--Advertisement--
Ad by The Cutting Edge News

The Cutting Edge

Thursday June 29 2017 reaching 1.4 million monthly
--Advertisement--
Ad by The Cutting Edge News

The War on Terror

Back to Page One

Israel Honors the Victims of Terror Siege at Paris Kosher Supermarket

January 13th 2015

Click to select Image

The four Jewish victims of last Friday’s terror siege in a Paris kosher supermarket were laid to rest in Jerusalem on Tuesday at a state ceremony attended by Prime Minister Benjamin Netanyahu, President Reuven Rivlin, and other dignitaries.

“I stand before you, brokenhearted, shaken and in pain, and with me stands an entire nation,” President Rivlin said in his eulogy at the Har Hamenuchot Cemetery, standing before the four biers upon which lay the bodies, wrapped in prayer shawls, of Yoav Hattab, 21; Yohan Cohen, 22; Philippe Braham, 40; and François-Michel Saada, 55.

“Yoav, Yohan, Philippe, Francois-Michel, this is not how we wanted to welcome you to Israel. This is not how we wanted you to arrive in the Land of Israel, this is not how we wanted to see you come home, to the State of Israel, and to Jerusalem, its capital. We wanted you alive, we wanted for you, life,” Rivlin said.

Addressing the grieving families and friends who accompanied the coffins on the flight from France, which arrived in Israel overnight, Rivlin said it was unconscionable that “Jews are afraid to walk in the streets of Europe with skullcaps and tzitzit.”

Noting that the victims “were murdered on the eve of the Sabbath, in a kosher supermarket in Paris, in cold blood, because they were Jewish,” Rivlin pointed to the fact that “the murderer made sure to be in a Jewish shop, and only then did he carry out the massacre.”

Characterizing the shooting attack as “pure, venomous evil, which stirs the very worst of memories,” Rivlin said, “This is sheer hatred of Jews; abhorrent, dark and premeditated, which seeks to strike, wherever there is Jewish life.  In Paris, in Jerusalem, in Toulouse, and in Tel Aviv.  In Brussels, and in Mumbai.  In the streets, and in the synagogues.  In the schools, and in the local market.  In the train stations, and in the museums.”

Rivlin called on the French Jewish community to consider emigrating to Israel.

“Our land is your land, our home is your home, and we yearn to see you settle in Zion,” he said, but called on those weighing aliyah not to make the choice out of “distress, out of desperation, because of destruction, or in the throes of terror and fear.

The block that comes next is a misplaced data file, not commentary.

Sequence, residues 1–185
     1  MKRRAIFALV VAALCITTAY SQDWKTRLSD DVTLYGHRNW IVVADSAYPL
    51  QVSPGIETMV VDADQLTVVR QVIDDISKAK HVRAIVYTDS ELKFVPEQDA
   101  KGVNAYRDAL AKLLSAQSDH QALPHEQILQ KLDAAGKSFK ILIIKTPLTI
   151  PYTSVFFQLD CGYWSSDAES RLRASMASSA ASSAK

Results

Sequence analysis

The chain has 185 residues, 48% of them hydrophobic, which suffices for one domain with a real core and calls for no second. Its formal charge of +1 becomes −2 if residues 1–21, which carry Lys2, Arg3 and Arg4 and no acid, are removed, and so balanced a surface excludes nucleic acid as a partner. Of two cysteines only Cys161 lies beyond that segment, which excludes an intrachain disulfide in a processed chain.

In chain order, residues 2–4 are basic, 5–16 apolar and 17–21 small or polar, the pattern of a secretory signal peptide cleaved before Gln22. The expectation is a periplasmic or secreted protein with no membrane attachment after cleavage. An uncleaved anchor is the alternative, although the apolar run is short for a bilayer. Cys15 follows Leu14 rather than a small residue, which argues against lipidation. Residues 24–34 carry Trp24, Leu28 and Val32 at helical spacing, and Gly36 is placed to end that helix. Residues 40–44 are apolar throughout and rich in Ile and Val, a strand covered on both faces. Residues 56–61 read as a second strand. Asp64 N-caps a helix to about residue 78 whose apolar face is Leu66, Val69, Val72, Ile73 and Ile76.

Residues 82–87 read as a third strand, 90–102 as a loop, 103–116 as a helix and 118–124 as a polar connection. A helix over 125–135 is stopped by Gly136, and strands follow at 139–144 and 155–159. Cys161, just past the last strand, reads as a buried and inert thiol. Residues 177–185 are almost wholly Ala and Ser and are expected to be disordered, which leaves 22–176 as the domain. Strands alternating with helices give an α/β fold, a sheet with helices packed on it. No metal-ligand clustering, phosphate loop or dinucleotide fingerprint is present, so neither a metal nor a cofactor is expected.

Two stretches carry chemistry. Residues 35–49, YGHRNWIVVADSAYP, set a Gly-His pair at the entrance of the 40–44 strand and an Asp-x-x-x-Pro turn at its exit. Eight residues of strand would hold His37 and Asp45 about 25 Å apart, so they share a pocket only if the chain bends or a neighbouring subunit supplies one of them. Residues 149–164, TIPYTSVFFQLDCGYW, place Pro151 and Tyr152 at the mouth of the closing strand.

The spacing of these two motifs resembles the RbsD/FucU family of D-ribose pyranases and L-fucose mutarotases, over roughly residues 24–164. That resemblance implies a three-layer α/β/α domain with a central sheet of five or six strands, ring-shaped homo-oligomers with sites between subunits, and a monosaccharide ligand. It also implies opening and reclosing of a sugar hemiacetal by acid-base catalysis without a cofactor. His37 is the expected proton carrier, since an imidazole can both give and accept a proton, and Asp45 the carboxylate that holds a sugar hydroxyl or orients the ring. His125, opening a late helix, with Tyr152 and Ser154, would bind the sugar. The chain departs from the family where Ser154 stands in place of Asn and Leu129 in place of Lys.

“Terror has never kept us down, and we do not want terror to subdue you,” he stressed, stating, that “the Land of Israel is the land of choice. We want you to choose Israel, because of a love for Israel.”

Netanyahu, in his eulogy told the mourning families, “How great is your pain, how immense your grief,” adding that the victims were killed “only because they were Jews.”

“I came back yesterday from Paris – most people are beginning to understand that Islamic terror is a real threat to the world,” Netanyahu said, emphasizing that its adherents “are not just the enemies of the Jews. These are the enemies of humanity, and the time has come for mankind to unite to uproot and expel them from its midst.”

Vowing that “terrorism will never beat us,” Netanyahu lauded French Jewry and their contributions to its society.

“Today we have a state of our own, one that is blossoming and advanced, one that spreads great light like a lighthouse of morality; a state that takes its fate in its hands,” Netanyahu said.

Reiterating similar statements he made in Paris, Netanyahu called on French Jewry to consider emigrating to “the one country that will always accept you with open arms.”

Labor party leader Isaac Herzog said in his comments that, “today, we are all united against terrorism, we won’t let terrorism win, determine our faith, or deter us from our path.”

French Minister of Ecology, Sustainable Development and Energy, Ségolène Royal, said in her eulogy that “France, without the Jews of France, isn’t France.”

After her address, Royal bestowed the Legion d’Honneur, France’s highest decoration, to the families of each of the victims.

Dave Bender writes for The Algemeiner, from where this article is adapted.


Back to Page One
Copyright © 2007-2017The Cutting Edge News About Us